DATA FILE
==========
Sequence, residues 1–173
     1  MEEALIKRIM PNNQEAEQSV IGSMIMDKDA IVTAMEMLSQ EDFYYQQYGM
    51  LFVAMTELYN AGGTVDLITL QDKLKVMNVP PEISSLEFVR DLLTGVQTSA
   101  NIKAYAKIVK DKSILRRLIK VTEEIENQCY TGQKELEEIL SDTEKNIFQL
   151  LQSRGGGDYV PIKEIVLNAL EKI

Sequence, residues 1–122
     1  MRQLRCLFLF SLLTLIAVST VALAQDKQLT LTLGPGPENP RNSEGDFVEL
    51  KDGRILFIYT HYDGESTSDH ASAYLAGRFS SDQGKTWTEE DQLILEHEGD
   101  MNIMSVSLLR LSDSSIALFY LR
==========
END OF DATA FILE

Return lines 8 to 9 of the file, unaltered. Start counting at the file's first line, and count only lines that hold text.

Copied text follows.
    51  KDGRILFIYT HYDGESTSDH ASAYLAGRFS SDQGKTWTEE DQLILEHEGD
   101  MNIMSVSLLR LSDSSIALFY LR